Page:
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The Sports Investor's Mindset

by Ric Brown, Top Market Sports

In stock trading, there is an old saying: "Plan the trade, then trade the plan."

If you're not familiar with the adage, it basically means that you do your analysis up front, develop your plan, then stick to it. It's a great way to keep yourself from getting caught up in the emotional swings before, during, and after the trade. So, if you haven't incorporated this into your sports investing strategy yet, here's why you should:

Watch the typical recreational gambler inside a casino to see how erratically they behave. They will either bet on their favorite team, on a hunch, or they'll bet on a tip they got from an outside source. They're impulsive, shaky, and they might even change their bet at the last-minute if someone as random as their bartender even happens to second guess their pick. It's because they have no plan.

Take your typical sports program on TV as another example. You'll find the hosts to be informative and entertaining, but more importantly, they will hold STRONG opinions. That's because they're paid to debate. Watching two hosts go at it, each pounding away with their points and counterpoints makes for great theater, however, when it comes to sports wagering, these talking heads can wreak havoc on your betting system if they cause you to double-think your plan.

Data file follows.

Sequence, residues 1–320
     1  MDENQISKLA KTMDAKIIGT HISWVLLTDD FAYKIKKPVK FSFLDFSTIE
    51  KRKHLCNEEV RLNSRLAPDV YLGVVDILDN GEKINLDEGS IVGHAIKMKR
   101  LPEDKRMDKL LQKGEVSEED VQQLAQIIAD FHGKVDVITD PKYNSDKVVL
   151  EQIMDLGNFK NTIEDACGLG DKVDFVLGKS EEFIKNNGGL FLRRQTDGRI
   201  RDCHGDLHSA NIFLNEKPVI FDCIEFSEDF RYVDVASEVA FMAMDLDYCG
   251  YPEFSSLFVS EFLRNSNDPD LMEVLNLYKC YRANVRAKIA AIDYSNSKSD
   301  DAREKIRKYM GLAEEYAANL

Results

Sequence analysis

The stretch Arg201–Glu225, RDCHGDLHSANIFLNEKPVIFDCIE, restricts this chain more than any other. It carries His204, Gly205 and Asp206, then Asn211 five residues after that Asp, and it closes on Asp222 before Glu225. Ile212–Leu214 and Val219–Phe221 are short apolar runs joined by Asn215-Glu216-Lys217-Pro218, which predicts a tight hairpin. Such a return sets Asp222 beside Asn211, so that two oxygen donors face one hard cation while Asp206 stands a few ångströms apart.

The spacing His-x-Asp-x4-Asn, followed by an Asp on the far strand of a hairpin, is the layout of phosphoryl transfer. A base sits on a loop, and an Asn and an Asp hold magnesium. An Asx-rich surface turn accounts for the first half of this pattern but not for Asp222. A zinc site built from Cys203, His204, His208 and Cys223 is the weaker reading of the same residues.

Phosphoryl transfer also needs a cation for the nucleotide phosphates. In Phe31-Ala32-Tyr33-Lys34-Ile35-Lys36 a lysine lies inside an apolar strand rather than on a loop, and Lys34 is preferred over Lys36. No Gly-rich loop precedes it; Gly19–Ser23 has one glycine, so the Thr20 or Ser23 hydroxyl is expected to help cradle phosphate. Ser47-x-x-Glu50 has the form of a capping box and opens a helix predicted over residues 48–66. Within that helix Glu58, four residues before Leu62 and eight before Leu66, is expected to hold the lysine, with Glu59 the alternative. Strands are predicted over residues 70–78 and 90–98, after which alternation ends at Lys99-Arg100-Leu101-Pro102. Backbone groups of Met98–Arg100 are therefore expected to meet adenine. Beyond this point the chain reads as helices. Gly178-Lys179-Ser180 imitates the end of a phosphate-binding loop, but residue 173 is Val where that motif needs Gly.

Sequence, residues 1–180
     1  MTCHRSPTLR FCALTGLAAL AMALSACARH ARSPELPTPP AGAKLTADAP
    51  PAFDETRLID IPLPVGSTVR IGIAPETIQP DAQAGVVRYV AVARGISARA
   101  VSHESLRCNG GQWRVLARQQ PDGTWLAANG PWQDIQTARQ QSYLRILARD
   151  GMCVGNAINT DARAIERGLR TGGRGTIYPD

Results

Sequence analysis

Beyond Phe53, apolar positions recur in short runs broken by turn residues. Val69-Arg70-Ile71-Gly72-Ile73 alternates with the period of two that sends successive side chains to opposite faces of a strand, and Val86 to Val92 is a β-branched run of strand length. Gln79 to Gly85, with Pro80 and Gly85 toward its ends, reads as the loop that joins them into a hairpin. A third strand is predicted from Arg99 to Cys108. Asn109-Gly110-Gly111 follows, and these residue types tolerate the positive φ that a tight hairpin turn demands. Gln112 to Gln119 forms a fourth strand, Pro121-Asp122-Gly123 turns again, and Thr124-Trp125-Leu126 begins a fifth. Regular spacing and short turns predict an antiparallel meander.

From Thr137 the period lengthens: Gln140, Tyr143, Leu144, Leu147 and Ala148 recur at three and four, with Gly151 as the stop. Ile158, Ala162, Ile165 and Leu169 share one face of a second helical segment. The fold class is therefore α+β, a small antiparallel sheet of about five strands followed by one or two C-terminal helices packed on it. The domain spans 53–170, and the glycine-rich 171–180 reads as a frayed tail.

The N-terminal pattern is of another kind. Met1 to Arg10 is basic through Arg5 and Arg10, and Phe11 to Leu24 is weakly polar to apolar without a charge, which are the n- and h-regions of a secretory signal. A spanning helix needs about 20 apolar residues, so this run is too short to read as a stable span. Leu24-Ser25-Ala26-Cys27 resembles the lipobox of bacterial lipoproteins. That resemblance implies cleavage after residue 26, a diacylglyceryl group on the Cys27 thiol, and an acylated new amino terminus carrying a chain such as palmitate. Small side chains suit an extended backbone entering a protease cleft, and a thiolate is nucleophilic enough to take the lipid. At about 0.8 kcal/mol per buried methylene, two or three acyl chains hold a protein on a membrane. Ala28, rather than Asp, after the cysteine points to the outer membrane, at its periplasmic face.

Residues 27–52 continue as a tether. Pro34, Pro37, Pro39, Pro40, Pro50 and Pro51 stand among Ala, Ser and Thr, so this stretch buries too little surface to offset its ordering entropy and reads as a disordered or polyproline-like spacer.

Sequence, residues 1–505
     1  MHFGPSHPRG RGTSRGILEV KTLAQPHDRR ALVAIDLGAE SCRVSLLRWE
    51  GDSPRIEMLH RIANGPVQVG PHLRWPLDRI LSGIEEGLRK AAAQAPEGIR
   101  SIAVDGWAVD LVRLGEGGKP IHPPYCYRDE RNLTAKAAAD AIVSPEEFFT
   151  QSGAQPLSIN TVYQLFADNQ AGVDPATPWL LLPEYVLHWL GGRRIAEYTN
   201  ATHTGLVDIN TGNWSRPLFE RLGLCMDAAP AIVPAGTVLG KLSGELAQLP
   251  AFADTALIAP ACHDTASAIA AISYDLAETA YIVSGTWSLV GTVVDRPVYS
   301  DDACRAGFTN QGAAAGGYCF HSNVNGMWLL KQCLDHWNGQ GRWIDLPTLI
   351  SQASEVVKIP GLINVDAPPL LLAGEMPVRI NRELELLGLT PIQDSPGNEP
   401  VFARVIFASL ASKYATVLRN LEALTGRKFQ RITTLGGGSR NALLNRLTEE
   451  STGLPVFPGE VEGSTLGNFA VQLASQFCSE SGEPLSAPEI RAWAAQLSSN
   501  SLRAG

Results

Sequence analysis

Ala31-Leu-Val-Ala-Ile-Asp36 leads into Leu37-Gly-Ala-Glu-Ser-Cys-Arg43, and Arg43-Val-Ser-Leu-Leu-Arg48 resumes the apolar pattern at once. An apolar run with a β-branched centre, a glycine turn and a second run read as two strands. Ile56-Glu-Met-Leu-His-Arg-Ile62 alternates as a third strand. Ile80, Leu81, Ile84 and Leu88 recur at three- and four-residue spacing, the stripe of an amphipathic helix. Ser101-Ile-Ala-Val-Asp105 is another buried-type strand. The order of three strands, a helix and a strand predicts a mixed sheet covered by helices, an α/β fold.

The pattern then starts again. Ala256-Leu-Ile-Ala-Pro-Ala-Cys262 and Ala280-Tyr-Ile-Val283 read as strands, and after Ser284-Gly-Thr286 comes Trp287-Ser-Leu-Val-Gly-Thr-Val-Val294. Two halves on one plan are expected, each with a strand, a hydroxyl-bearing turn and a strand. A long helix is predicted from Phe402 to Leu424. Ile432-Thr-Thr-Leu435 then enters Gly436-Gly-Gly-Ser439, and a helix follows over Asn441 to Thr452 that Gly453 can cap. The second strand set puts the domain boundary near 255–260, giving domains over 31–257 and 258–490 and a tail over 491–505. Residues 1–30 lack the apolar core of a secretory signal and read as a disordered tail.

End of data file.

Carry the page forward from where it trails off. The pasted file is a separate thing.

Sure, it's nice to have our opinions validated by experts, and likewise, it's natural for us to recoil when they are against us. No one likes to stick their neck out and go it alone, but as sports investors, that is exactly what we must do at various times throughout the season if we are to be consistent with our "trading philosophy."

I can recall two Superbowls where I experienced serious cases of double-think due to being second-guessed by the experts. The first was Denver vs. Carolina in 2016. My research and intuition both lead me to pick the Broncos. It was about 10 days before game time and the odds were great with the public flying high for Carolina, so I called my business partner in London to place the bet. Unfortunately, he hesitated because one of our mutual friends, an ex-professional athlete, roasted him alive. "The Panthers are the team of destiny! What are you thinking?"

It took some convincing to get my partner back on board and by that time our odds had worsened a bit, but at least we still made money.

The second Superbowl was the epic, Patriots-Falcons matchup. I bet on the Brady-Belichick combo, which in my circle, was a difficult choice since my peers were all going with the Atlanta Falcons. My biggest critic was a childhood friend who knows way more about football than I do. He was a high school star and to this day, a sports fanatic who watches every NFL game. But, even though he nearly talked me out of it -- and oh how I suffered through the first three-quarters of the game -- I'm obviously glad I stuck to my plan. Not just because I was right, but simply because I had the discipline to do so.

In both cases, it was tough with so many going against me. And the last thing I wanted to do was cause my partner to sustain a loss by unnecessarily playing the contrarian -- but such are the quandaries that come with being a social animal.

So, whether it be an expert on TV or an expert at your local sports bar, always remember, it's your money that's being wagered, not theirs.

Make it a disciplined habit to plan your trade, then trade your plan regardless of the avalanche of contrary advice that might come your way afterward. You'll find yourself maturing into more of a level-headed, self-assured professional as opposed to the typical, neurotic, flip-flopping amateur you see haunting the casino floors.